Case Report



A 47-year-old male patient presented with an 18-month history of progressive headache, dizziness, increasing frequency of vomiting attacks, and a recent episode of transient confusion. The neurological examination identified moderate swallowing difficulty in fluids, consistent with lower cranial nerve palsy, whereas the family history was unremarkable. The patient was awake, oriented, and cooperated well during the clinical examination. Otherwise, there were no signs from the long tracts, basal ganglia, cerebellum, and the remaining cranial nerves.

The patient underwent a full workup, including radiological and laboratory examination. The head CT/CT angiography (CTA) demonstrated a large hyperdense region at the middle anterior cranial fossa with arterial supply from pericallosal branches and deep venous drainage suggestive of an AVM and a smaller hyperdense area at the brain stem with evidence of recent bleeding, without precise vascular supply [Figure 1]. MRI/MR angiography (MRA) showed a lesion of focal altered signal intensity – hypointense with hyperintensities on T1-weighted images, hyperintense with hypointense foci, and a hypointense perimeter on T2-weighted images situated in the midline of the anterior cranial fossa, extending into the right frontal lobe, consistent with a diagnosis of AVM (Spetzler–Martin Grade 3).[6] In addition, a CM was identified in the midbrain – specifically in the rostral and ventral aspects of the pons. The CM displayed focal altered signal intensities – hyperintense with a peripheral hypointense hemosiderin rim in T2-weighted images, which served as evidence that both malformations had bled at least once [Figure 2] and [Figure 3].{Figure 1}{Figure 2}{Figure 3}

Due to the increased rebleeding risk, we decided to remove the AVM surgically in the first place. According to our interventional radiologist, complete AVM obliteration through the endovascular approach was technically demanding. Indeed, the AVM was surgically removed en-bloc, together with its 4 cm nidus, through an interhemispheric approach [Figure 4]. The postoperative CT verified the complete AVM resection without any hemorrhage [Figure 5], whereas the patient's sensorium improved after surgery (GCS 15). The patient was perfectly conscious (GCS 15) with no motor deficit, cerebellar syndrome, nor cranial nerve impairment. Three months after the index surgery, the patient was unwilling to accept the risks associated with the surgical excision of the pontine CM, which was ultimately treated with SRS. At the 6-month follow-up, no neurological alteration was noted, and the pontine CM remained unchanged on MRI. For the proper understanding of the underlying lesion, we recommended to the patient for genetic counseling and profiling from a dedicated genetic laboratory. Furthermore, we recommended a DSA examination 1 year after surgery for the AVM and annual MRIs of the head for the initial three years of follow-up for both lesions.{Figure 4}{Figure 5}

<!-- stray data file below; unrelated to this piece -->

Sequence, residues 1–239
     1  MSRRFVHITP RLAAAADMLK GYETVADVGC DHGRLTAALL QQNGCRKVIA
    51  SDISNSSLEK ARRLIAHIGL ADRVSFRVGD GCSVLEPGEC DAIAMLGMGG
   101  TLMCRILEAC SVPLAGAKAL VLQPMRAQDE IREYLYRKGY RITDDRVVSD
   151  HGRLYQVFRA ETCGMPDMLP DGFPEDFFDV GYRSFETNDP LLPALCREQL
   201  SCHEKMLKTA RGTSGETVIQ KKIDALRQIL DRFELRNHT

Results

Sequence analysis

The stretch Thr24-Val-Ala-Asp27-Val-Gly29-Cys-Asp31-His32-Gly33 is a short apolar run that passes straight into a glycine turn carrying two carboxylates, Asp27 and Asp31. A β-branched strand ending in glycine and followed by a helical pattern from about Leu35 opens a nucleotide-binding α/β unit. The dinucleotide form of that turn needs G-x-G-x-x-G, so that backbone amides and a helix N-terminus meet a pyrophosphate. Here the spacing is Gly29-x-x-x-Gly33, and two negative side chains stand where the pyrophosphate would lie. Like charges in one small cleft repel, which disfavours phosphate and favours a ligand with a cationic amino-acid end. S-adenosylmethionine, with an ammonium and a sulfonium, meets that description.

Discussion



This case report demonstrated that AVMs and CMs might coexist, and a detailed diagnostic imaging workup is required in these cases. In addition, the treatment of coexisting AVM and CM should be carefully designed based on the anticipated hemorrhage risk and should consider all available treatment alternatives and combinations.

Diagnostic approach

With the broad use of MRI, CM is increasingly identified as a source of midbrain hemorrhage.[4] The value of the cerebral CT was limited in identifying the underlying pontine hemorrhage and setting the suspicion for a frontal lesion. However, the CTA revealed the coexisting AVM, whereas the cerebral MRI showed the presence of the hemosiderin deposition, indicative of at least one bleeding episode. CTA and MRA were sufficient in experienced hands for the preoperative planning of frontal AVMs, as in the current case, obliviating thus the need for an invasive diagnostic process, such as digital subtraction angiography. Particular lesion features, including the alternating patterns of hyper-/hypointensity areas and the ill-defined nidus on CTA or MRA, could question the ultimate diagnosis. However, the intraoperative findings and the histopathological diagnosis provided the final diagnosis of a partially thrombosed AVM.